Week of October 23—What We Can Learn from Horn Book Reviews
Tuesday, October 25—What Causes Some Picture Books Falter?
Of the 329 picture books reviewed in the latest edition of The Horn Book Guide to Children’s Young Adult Books, forty-eight books received a score of “5” and one book received a “6” for a total of 15% below the “recommended” categories. Remember what the “5” and “6” ratings mean:
5 = Marginal, seriously flawed, but with some redeeming quality
6 = Unacceptable in style, content, and/or illustration
In all fairness to these authors, they did get published which is saying a lot these days. But in all honesty, booksellers and librarians use the Horn Book reviews (and other reviews) to help inform their decisions about what books to order, stock, sell, buy, and shelf. So these reviews can’t be taken with a grain of salt.
While I have no intention of offending the authors in these “5” and “6” categories by listing their names or the titles of their books, I do want to explore what kind of observations the reviewers made about the text of the these books. (Please note that the reviewers were also critiquing the illustrations, but I’ll focus solely on the writing in this post.) I’m hoping I can learn from this overview what stumbling blocks to avoid in my writing. Hopefully you can do the same.
Here are some of the comments I discovered about . . .
· Bland and stumbling rhymed text
· Feels forced
· Wordy, esoteric text, isn’t likely to resonate with readers
· The story line is too jumpy to follow
· Well intentioned, but falls flat
· Packing books with words that include the featured letter feels disjointed and gimmicky
· Distracting experience for readers
· What’s meant to be humorous, falls flat
· There’s not much here
· The text is trite
· It’s hard to figure out what’s going on
· Little cohesion
· Anyone averse to gender stereotypes should steer clear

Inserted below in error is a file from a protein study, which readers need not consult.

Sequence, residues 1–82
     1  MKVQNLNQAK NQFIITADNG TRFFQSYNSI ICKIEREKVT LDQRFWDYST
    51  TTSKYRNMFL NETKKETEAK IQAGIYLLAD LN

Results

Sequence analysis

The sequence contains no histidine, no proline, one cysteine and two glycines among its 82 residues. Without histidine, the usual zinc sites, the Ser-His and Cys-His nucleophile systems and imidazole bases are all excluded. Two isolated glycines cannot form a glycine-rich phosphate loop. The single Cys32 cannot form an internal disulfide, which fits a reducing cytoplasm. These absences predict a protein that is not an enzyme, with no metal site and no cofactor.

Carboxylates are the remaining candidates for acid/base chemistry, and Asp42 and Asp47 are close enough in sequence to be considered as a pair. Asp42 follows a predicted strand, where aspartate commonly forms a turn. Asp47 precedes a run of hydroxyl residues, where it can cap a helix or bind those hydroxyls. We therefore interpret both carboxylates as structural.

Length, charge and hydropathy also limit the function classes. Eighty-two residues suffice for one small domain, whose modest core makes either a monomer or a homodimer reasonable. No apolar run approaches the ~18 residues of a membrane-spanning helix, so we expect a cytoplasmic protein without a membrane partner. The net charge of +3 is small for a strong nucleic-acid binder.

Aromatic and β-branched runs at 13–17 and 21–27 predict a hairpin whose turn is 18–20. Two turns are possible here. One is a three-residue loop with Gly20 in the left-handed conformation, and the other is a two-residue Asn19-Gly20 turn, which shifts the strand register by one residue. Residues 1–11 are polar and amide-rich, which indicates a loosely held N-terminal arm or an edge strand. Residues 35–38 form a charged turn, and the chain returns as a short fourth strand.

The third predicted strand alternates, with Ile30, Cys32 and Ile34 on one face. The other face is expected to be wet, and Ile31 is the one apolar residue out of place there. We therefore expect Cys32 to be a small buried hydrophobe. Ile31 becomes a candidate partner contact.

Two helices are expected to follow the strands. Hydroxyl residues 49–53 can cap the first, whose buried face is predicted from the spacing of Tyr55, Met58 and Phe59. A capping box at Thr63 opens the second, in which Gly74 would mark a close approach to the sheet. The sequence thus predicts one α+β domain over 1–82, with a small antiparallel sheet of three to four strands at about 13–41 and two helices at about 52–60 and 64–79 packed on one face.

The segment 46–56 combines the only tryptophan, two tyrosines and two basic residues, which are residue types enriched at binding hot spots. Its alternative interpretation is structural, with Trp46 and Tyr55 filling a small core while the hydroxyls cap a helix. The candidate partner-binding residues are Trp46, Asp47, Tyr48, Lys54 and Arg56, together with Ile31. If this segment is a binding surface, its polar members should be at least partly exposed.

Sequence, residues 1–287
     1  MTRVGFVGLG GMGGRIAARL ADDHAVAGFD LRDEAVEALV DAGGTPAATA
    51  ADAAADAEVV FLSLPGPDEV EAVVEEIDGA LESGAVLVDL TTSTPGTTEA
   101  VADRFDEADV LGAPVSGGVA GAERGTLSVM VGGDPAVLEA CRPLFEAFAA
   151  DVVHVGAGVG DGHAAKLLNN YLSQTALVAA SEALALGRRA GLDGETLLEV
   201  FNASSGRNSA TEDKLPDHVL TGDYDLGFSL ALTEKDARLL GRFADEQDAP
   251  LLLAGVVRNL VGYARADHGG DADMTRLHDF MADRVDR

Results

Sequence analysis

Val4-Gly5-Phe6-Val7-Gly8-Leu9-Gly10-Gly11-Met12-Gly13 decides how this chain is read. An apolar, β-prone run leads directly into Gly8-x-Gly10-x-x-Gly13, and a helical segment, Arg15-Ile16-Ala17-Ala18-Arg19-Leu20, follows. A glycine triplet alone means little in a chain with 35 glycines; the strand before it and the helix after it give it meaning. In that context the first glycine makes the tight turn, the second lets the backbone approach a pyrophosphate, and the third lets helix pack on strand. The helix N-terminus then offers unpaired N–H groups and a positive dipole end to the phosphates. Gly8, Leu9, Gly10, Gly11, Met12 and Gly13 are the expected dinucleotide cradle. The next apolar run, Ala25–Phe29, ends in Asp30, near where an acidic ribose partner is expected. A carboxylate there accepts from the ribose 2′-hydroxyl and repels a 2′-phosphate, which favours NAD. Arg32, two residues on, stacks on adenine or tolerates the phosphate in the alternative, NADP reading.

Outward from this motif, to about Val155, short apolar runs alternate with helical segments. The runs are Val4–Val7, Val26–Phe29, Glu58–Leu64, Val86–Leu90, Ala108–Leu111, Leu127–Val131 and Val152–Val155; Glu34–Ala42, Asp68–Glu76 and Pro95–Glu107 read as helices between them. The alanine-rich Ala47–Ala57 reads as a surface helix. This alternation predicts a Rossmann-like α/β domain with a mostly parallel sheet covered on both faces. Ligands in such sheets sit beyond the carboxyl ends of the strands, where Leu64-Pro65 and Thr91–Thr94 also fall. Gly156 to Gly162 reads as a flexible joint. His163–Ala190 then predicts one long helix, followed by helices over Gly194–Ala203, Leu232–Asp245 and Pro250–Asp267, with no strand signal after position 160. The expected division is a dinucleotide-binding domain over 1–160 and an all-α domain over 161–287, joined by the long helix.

· Witless rhymes
· The overall effect is bland
· Stilted prose
· The story is very slight
· Plodding, heavy-handedness
· Laborious and facile
· Narrative is unexciting
· The text is cheery . . . but forced
· Lackluster rhymes won’t appeal to anyone
· Grown-up aimed jokes
· The story is lackluster and difficult to follow
· An utterly confusing book
· The wordy text meanders
· The rhymed text confuses the issue
· Overlong, plodding text
· Doesn’t even bother with an ending
· The story is overly sentimental
· In-your-face gross out element feels forced
· . . . the lengthy book seems not to be storytelling so much as a desire to introduce quirky characters
· The story and the concept are muddy
· What’s supposed to be hip, seems like squaresville
· The problems [addressed in this book] have been treated with more originality and sophistication in countless other books
· TV tie-ins with so-so story lines
THE CHARACTERS AND DIALOGUE
· Fabricated dialogue may prove too difficult to young readers
· The dialogue is groan-worthy
· Jokey dialogue falls flat
· Narrator’s voice feels forced
· Wooden dialogue
· The plot rolls along, but the message-y ending rings false
· The moral lesson is too transparent
· The lesson is predictable
Did reading those remarks make you as depressed as typing them made me? I feel for those writers. I almost think we should light a candle and have a moment of silence for them. Granted, a critique is one person’s opinion, but for the majority of the books reviewed to fall in the middle and these books to fall in the bottom 15% is telling.
Tomorrow we’ll think about how to apply what we’ve learned from these reviews. In the meantime, I have some candles to light.
It’s Your Turn!
1. If you’re like me, one or two items from the list above may ring true to you regarding your own writing. Make a note of those concerns and then make a conscious effort to revise your manuscripts with those concerns in mind.